Marx ready to hang out with fans at the Lyric and just have a good time
If you're not planning to dance in the aisles at Richard Marx's Nov. 14 concert at The Lyric Theatre in Stuart, Marx has some advice for you: Save yourself some money and just stay home.
"I just want people to have a great time," Marx said. "If you need to sit down, you're too old to be here."
He expressed the same sentiment about 20 years ago at large sold-out arenas and stadiums to fans who weren't screaming, dancing and having a good time at his show.
After a few years without touring, Marx has returned to playing in front of live audiences. He has revamped his performance from the traditional concert with a band to a solo acoustic show — just him with his guitar and a lot of fan interaction.
"In theory, you would think that might indicate it's going to be a really mellow soft show, but it's really not," Marx said. "It's just the energy comes just from me and not watching a band or a production. "
In essence, the show is just Marx hanging out with his fans.
"It's way less of a performance in traditional terms and it's more like as if I had you over to my house and we were just sitting there and I just grabbed it and said, 'Hey this is how this song started out,'" Marx said. "It's really become the most fun way of performing I've ever experienced."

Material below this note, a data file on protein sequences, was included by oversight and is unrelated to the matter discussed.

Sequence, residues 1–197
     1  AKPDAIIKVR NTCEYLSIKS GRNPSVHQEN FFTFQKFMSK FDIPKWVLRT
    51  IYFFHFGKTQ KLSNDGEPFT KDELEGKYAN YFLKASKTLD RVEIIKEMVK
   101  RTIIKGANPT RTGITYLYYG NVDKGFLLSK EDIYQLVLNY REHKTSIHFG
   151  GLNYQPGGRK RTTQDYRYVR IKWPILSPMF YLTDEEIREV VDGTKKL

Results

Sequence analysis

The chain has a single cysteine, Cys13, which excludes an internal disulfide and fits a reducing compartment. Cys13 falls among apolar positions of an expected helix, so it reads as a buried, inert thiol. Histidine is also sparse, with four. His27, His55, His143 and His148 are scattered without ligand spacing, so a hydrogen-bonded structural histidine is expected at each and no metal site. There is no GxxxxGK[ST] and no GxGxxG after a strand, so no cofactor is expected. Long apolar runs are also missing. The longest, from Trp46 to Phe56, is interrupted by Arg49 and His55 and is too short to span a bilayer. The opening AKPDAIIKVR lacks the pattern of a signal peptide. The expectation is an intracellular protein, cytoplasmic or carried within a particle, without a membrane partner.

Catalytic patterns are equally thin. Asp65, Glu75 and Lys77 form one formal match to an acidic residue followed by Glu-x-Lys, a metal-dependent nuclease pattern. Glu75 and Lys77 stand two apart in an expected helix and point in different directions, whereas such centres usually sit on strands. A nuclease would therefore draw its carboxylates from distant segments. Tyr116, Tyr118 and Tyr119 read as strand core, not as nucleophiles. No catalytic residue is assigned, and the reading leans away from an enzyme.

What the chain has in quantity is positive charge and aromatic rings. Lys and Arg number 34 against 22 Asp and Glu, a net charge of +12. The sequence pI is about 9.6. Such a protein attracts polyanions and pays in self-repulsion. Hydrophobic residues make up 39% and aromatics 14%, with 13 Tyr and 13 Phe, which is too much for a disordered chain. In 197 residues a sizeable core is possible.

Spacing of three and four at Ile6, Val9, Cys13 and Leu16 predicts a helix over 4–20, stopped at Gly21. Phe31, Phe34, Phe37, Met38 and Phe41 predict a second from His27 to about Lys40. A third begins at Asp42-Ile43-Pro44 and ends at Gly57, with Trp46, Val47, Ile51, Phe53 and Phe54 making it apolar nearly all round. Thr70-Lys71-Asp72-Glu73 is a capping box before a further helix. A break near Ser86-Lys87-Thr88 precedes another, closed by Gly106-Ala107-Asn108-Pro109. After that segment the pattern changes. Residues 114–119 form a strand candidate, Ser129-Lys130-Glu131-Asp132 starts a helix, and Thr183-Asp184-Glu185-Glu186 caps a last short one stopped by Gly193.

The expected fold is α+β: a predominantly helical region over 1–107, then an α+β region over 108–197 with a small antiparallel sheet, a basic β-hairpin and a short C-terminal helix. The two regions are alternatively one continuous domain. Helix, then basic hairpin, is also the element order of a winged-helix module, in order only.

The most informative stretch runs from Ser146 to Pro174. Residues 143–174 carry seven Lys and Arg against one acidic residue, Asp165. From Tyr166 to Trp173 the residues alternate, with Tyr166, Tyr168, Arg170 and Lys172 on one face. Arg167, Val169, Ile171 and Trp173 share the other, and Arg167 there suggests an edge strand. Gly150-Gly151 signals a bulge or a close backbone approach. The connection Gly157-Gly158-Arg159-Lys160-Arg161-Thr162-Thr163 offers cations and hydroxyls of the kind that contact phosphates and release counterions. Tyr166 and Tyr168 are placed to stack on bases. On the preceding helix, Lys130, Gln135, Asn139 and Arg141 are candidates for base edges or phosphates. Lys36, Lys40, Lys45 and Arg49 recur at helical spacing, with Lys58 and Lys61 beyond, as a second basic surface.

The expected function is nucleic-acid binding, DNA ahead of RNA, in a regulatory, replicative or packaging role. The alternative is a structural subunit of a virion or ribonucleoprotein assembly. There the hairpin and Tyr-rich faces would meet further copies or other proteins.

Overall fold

Some of the traditional rock songs such as "Don't Mean Nothing" and "Satisfied" don't lend themselves to this type of acoustic performance, so Marx said he had to tweak them.
"In some ways, I like them better than the records. Because you can make a really great record out of a lame song. But if the song's not any good, you can't just grab a guitar and play it without it being exposed as a piece of crap," he said.
At this show, traditional concert rules about not taking photographs or videos don't apply. Bring your cameras and your videorecorders. Don't be afraid of posting the performance on YouTube. Marx said it was all right.
"I want you to take my picture. I put product in my hair. I try to look my best. I'm in show business. I want your attention," he said.
After years of writing songs — and hits — for other artists such as Luther Vandross and Keith Urban, Marx only returned to touring a few years ago. Compared to the incessant tours between 1987 and 1995, Marx said now he actually can experience the towns and cities where he performs, finding a cool, local place to get a cup of coffee or seeing the sights.
This trip to the Lyric is his first visit to the Treasure Coast.
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